A goiter refers to an enlarged thyroid gland. Sometimes, a person can have a goiter that has multiple nodules or bumps on it, which is called a multinodular goiter. A toxic goiter is one that makes too much thyroid hormone, resulting in a condition called hyperthyroidism. Most thyroid nodules are harmless, but some can be cancerous.
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A few macrophages are also present. This pattern is associated with benign disease. Pigmented macrophages and few small epithelial cells which appear hypofuctioning small, hyperchromatic nuclei with scanty, denser cytoplasm. Fluid colloid, bland epithelial cells and histiocytes - Pigmented and vacuolated macrophages admixed with bland epithelial cells and bare nuclei.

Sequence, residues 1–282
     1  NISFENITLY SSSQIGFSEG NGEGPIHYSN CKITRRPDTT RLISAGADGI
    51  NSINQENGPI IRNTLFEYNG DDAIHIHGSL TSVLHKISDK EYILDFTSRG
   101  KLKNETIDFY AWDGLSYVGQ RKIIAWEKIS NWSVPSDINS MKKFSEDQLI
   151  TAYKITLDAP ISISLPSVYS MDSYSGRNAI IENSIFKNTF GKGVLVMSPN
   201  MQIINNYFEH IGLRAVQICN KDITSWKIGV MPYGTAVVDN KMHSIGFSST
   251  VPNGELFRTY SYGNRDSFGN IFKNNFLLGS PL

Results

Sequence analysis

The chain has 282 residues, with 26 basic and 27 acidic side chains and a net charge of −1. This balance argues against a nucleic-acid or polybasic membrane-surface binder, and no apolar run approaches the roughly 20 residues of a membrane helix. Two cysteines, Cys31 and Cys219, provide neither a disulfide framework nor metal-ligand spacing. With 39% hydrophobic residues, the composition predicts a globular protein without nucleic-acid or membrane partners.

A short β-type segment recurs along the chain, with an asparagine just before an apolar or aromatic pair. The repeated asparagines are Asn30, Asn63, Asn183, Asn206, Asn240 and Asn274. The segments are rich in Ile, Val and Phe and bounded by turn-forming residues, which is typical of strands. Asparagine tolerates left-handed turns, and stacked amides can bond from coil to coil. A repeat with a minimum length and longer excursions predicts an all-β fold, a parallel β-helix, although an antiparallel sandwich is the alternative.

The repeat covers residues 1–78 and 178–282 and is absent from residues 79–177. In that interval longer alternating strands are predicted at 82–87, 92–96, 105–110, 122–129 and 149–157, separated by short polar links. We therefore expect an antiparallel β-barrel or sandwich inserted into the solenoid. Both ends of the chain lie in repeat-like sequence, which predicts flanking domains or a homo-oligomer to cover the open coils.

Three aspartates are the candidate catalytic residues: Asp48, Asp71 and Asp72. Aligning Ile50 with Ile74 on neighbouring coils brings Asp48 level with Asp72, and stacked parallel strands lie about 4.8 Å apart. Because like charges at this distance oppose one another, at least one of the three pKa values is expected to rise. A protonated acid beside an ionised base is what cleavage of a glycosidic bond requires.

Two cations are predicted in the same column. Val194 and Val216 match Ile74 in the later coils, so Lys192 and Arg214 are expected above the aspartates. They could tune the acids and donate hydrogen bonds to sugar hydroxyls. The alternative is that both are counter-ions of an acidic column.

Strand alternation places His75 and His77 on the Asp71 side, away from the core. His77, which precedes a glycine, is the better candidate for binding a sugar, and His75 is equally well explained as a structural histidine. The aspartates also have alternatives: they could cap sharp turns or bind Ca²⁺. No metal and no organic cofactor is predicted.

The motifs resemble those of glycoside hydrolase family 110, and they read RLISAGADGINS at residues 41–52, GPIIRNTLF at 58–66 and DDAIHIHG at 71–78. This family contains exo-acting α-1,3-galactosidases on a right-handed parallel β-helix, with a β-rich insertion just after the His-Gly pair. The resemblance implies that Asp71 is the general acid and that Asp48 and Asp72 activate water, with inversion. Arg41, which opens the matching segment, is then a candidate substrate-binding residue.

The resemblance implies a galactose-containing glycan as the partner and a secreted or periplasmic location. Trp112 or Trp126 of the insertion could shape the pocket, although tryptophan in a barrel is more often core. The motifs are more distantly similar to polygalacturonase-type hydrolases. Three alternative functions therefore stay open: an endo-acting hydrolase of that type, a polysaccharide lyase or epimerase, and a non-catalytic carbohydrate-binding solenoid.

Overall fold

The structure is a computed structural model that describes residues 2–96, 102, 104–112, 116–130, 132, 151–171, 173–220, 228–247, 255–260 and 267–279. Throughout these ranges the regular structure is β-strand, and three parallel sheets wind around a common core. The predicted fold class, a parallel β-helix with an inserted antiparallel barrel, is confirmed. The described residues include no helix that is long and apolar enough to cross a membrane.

Note the fluid colloid background. Pigmented and vacuolated macrophages, bland follicular cells - Pigmented macrophages with bland follicular cells and bare nuclei in the background. They may be confused with lymphocytes which usually have a clearly identifiable peripheral rim of cytoplasm. Note the monolayered aspect of the cells and regular nuclei. Note the elongated hyperchromatic nuclei of fibroblasts in the upper left corner.
This pattern is usually seen in FNAs from nodular goitres. Bare nuclei - Numerous bare nuclei, probably derived from functional epithelial cells with abundant, clear and fragile cytoplasm arrow which exhibit a round nucleus with open chromatin and visible nucleolus.
Bócio - O que é e quais os Sintomas